Defendants also cite F. S. Assoc., Ltd. v. McMichael's Constr. Co., 197 Ga. App. 705
, 707 (2) (399 SE2d 479
), a case involving the application of OCGA 51-5-7
(3), in the context of a claim for slander of title predicated on a materialman's lien, which must be distinguished on the facts since the privilege was allowed based on a determination that the notice of lien filed in that case, unlike the representations of defendants in the case sub judice, contained no false statements.
4. The rejection of the subjective "good faith" upon which defendants rely, is, as stated in the Valdez decision, based on the principle that ignorance of the law excuses no one. Id. at 447. Several of defendants' remaining arguments may be rebutted by application of this principle.
Subjective good faith, standing alone, is not an absolute defense to a claim of tortious interference with business relations, just as "malice" within the meaning of such a claim need not be prompted by bad faith or personal dislike. " 'The term "malicious" or "maliciously" means any unauthorized interference, or any interference without legal justification or excuse. Personal ill will or animosity is not essential.' (Cit.)" Arford [v. Blalock, 199 Ga. App. 434
, 440-441 (13) (405 SE2d 698
)]; Forehand v. Perlis Realty Co., 198 Ga. App. 165
, 166 (400 SE2d 644
Valdez v. Power Indus. Consultants, 215 Ga. App. 447 (2), supra. Thus, contrary to defendants' argument, subjective "good faith" does not provide such legal justification as will negate malice. The jury was authorized to conclude that plaintiffs did not fail to prove the malice element of their claim. The same proof of malice also authorized the award of punitive damages.
5. Next, defendants contend that the trial court should have granted their motions for directed verdict and for j.n.o.v. as to the claims of plaintiff Dania Investment Corporation because this entity did not even exist when defendants sent their only communication to Georgia Federal Bank. Defendants incorrectly argue that "tortious interference with business relations requires that there be a party who actually had business relations that could be interfered with." However, this is not correct since this type of claim can also be predicated on actions which induce a third party not to enter into a business relationship. Rodgers v. First Union Nat. Bank of Ga., 220 Ga. App. 821 (1)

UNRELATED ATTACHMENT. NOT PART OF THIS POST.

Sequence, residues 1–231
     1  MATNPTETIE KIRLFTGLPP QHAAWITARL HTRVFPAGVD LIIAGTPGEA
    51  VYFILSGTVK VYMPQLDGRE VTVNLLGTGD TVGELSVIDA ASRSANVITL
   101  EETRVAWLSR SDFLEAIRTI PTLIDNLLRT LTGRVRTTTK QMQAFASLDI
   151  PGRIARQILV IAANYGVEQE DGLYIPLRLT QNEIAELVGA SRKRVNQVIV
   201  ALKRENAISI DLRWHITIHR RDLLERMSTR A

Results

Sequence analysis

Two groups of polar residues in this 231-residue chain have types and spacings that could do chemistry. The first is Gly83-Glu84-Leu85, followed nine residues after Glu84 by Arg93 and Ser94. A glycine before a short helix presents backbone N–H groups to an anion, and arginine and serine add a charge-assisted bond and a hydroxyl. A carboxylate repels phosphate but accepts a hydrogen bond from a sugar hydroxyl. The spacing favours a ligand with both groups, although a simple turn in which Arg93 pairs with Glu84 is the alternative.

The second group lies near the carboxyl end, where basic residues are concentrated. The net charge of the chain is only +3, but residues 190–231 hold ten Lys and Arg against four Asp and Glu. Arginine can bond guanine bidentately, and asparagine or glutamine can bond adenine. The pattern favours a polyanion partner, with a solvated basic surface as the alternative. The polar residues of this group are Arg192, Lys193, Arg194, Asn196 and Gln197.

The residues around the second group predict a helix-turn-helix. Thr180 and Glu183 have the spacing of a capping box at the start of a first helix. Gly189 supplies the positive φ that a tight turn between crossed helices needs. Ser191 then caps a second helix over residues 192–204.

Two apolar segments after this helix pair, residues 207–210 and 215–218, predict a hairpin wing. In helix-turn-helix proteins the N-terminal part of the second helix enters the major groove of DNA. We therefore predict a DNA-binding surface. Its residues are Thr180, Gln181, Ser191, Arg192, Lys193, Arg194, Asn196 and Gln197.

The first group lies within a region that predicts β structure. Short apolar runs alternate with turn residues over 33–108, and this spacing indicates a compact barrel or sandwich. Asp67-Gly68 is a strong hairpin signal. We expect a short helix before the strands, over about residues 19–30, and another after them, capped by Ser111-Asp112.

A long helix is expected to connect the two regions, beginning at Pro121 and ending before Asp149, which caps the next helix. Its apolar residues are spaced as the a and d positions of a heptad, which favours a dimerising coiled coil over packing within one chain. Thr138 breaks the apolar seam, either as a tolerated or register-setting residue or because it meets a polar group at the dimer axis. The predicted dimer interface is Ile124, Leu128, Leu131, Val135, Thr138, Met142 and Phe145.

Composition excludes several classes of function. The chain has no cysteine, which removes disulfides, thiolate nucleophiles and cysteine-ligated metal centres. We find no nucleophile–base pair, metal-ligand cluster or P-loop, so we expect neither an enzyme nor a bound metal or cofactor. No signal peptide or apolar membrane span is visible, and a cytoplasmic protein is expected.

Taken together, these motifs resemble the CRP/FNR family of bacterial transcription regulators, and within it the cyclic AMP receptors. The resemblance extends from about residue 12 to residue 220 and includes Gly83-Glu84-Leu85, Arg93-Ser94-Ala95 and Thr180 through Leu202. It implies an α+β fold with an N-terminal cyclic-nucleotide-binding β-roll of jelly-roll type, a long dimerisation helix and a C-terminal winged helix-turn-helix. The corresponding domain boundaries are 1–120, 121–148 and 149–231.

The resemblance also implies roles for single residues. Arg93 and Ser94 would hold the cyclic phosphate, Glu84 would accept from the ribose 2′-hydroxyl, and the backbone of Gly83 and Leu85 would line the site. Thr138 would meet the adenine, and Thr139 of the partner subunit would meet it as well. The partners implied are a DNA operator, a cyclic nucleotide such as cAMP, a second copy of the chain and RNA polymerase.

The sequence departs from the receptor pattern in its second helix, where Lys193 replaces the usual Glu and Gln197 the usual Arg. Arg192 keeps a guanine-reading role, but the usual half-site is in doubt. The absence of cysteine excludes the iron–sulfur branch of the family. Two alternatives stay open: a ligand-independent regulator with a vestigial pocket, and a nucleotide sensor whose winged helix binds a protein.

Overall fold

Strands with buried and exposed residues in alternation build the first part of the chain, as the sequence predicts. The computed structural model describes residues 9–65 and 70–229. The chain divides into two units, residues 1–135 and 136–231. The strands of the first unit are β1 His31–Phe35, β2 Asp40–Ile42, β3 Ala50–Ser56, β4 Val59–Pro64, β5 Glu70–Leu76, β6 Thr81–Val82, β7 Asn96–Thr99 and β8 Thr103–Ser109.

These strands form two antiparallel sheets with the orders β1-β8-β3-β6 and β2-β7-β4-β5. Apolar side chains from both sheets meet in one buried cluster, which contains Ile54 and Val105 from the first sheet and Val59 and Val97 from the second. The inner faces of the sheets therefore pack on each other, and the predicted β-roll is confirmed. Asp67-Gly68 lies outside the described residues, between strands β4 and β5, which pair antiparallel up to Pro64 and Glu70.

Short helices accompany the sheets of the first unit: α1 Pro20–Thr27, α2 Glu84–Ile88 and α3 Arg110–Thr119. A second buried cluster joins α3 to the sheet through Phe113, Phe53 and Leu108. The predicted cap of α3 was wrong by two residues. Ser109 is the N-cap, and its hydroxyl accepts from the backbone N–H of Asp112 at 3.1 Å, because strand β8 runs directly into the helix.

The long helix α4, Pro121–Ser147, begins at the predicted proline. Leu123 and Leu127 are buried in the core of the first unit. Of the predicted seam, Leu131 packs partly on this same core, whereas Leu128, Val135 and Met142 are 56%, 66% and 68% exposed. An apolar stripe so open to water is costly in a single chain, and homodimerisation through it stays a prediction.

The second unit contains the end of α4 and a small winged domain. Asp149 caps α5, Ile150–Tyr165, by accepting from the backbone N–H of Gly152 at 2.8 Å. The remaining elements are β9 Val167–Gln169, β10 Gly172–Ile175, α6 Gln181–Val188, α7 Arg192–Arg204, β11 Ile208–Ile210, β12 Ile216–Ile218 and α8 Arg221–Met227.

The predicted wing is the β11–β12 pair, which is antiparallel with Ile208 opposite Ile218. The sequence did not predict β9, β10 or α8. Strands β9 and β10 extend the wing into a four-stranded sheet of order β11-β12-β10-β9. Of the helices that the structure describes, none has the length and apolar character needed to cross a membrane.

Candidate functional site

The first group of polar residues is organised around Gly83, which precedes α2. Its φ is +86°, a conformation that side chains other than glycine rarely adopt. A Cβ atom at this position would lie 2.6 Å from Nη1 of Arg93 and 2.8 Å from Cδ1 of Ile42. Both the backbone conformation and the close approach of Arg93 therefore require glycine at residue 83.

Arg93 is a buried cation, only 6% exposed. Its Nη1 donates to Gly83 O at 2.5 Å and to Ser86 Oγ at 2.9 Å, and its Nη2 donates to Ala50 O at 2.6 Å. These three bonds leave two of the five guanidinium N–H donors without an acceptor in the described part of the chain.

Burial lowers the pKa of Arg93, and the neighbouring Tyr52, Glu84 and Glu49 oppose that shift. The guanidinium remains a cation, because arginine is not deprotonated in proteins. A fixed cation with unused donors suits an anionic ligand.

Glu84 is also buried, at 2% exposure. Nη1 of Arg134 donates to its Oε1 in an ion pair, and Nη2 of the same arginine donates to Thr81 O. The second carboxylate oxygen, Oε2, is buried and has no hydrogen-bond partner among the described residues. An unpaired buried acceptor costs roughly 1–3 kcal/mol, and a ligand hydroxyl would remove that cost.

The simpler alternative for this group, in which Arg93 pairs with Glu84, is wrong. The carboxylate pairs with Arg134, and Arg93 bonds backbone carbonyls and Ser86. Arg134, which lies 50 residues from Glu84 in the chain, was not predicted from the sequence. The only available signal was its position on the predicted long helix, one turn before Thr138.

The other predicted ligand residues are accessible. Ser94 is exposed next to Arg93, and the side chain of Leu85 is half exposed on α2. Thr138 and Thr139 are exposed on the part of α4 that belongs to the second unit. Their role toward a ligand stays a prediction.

, 823 (470 SE2d 246
). Defendants' argument ignores the evidence that the very creation of the Dania Investment Corporation was a defensive measure to cope with the circumstances which followed the letter to the bank and that the newly created corporation bore expenses arising therefrom. Furthermore, defendants' reliance upon Johnston v. First Nat. Bank of Brunswick, 218 Ga. 772
, 782 (3) (130 SE2d 698
) is misplaced since the undifferentiated verdict in the case sub judice contains no portion which is invalid or reversible.
6. Plaintiffs did not fail to present evidence which authorizes the amount of compensatory damages awarded by the jury in its verdict. This is true even if we assume defendants are correct in arguing that the lost profits of plaintiff Atlanta E-Z Builders may not be determined with any certainty from the data available.